The council and Reading Buses have been accused of hypocrisy and greenwashing as a majority of the bus fleet uses diesel.

Reading Buses has been rolling out its open top bus, unofficially known as ‘Fernanda’, periodically throughout the summer.

But when Reading Buses tweeted that ‘Fernanda’ would be serving the 17 route recently, the bus company was accused of being hypocritical by Reading community campaigner Nick Fudge.

Reading Buses is owned by Reading Borough Council, with Mr Fudge questioning how the council can meet its net zero by 2030 climate emergency goals with its bus company primarily having a diesel fleet.

Mr Fudge said: “Reading Borough Council have declared ‘a climate emergency’ and Reading town centre air is some of the worst polluted in the UK so just wondering why Reading Buses are rolling out a ‘diesel fuel’ vehicle across town?

“It all seems a little bit hypocritical & greenwashing to me.”

Reading has been identified as being one of the worst places in the country for air quality in reports made in 2021 and 2022.

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Mr Fudge cited a Centre for Cities article from 2021 stating that 15 per cent of lung and heart-damaging nitrogen oxide emissions in London came from buses.

Information about the Reading Buses fleet is publicly available, with 188 of its vehicles being diesel-fuelled, 61 fuelled using CNG biomethane gas, and one bus being electric.

That’s according to information from 2021-22, which contains details about its buses, vans and cars.

A spokesperson for Reading Buses has hit back at the criticism, arguing the amount of customers a bus can serve is significantly less polluting than individuals using private cars.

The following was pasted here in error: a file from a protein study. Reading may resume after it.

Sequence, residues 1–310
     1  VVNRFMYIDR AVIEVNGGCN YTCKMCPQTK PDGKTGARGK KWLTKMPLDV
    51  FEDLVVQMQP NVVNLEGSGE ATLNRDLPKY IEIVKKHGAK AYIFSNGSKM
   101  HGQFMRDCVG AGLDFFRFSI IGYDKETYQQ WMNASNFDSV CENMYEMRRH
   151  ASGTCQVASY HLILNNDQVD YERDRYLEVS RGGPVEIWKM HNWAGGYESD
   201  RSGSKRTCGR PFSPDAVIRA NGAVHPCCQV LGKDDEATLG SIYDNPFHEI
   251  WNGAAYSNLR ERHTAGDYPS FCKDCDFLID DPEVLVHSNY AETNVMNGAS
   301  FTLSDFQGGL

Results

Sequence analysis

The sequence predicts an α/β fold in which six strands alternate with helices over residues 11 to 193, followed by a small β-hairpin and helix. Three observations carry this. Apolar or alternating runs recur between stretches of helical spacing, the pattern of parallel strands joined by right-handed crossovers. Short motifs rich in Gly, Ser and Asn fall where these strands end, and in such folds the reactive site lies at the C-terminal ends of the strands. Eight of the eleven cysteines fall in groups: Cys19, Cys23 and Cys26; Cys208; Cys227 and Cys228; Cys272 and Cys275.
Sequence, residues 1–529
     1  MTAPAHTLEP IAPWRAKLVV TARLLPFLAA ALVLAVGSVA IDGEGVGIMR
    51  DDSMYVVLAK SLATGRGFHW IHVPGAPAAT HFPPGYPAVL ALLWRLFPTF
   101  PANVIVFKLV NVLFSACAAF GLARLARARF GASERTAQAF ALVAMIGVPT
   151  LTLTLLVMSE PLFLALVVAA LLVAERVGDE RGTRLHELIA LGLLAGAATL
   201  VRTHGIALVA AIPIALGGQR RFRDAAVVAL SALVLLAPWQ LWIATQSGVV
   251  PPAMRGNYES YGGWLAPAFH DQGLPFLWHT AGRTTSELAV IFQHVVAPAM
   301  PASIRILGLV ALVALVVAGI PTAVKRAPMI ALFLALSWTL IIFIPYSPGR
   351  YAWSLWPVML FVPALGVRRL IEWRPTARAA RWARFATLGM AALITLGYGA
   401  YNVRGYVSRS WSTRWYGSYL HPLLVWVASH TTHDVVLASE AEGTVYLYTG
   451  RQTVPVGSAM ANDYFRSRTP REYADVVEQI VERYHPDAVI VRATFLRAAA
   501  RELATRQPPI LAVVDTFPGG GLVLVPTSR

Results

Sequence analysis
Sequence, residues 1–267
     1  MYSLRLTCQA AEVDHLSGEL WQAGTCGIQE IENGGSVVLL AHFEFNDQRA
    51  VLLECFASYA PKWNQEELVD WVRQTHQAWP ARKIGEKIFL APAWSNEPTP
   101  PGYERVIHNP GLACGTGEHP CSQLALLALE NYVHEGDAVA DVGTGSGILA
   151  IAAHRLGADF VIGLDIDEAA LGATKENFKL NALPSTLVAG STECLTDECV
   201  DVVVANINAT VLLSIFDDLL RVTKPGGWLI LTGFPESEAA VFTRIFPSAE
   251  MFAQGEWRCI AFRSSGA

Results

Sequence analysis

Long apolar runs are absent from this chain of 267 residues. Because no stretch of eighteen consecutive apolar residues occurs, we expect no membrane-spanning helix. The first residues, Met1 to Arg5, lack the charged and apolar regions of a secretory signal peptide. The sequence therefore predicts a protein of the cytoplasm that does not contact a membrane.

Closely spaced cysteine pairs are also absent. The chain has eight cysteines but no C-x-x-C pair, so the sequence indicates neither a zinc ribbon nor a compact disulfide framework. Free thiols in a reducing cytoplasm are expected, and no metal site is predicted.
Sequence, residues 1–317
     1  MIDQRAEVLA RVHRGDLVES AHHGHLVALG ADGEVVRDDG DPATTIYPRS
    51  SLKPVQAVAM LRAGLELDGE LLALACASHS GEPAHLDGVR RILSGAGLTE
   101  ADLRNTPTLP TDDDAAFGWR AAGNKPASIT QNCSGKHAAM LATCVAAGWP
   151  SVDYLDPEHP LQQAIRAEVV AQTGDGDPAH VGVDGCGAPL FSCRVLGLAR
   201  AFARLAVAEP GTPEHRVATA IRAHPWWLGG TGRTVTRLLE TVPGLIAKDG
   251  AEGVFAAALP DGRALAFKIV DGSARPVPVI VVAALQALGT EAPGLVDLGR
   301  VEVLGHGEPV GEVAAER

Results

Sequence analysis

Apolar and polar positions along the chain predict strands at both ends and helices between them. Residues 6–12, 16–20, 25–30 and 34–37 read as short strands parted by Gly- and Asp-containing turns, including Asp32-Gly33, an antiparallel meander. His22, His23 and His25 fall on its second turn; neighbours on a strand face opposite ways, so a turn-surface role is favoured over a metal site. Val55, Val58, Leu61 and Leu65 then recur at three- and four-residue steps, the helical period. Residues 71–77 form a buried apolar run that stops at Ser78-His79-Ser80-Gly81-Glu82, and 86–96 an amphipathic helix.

They commented: “Buses are a key tool in the quest to reduce pollution, helping to take hundreds of private cars off the road each day, reducing congestion, and supporting the economic growth of the area by providing access to jobs, education, retail and entertainment.

“In some circumstances it has been shown that a modern diesel bus emits fewer particulates than a single modern car, let alone the 75+ cars that a double-decker can replace.

“In that sense, running diesel buses, and promotional stunts with our open top bus to help encourage people onto our services, generates a huge benefit to the environment as a whole.

“We are of course also conscious of our own carbon emissions, and 60 out of 153 buses that we currently have based in Reading run on sustainably sourced biomethane.

“All of our diesel buses have been fitted with emissions reduction technology so that they all meet the latest Euro 6 standards, regardless of their age.”

The spokesperson added that the bus depot has solar panels, with approval granted for a total of 1,402 panels to be added to the roof.

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While the company is seeking to invest in zero-emission vehicles, these come at a significant cost, with Reading Buses so far being unable to secure funding from the government.

The spokesperson added: “We are not willing to compromise on the quality or price of our services to our customers just to say that we are green – fundamentally we can save more carbon by carrying people on diesel buses at lower fares.

“However, global warming is a significant issue, as highlighted by the climate stripes applied to one of our buses last year, and we all need to continue making steps to reduce carbon emissions.

“A quick win is to switch from the private car to the bus whenever possible.”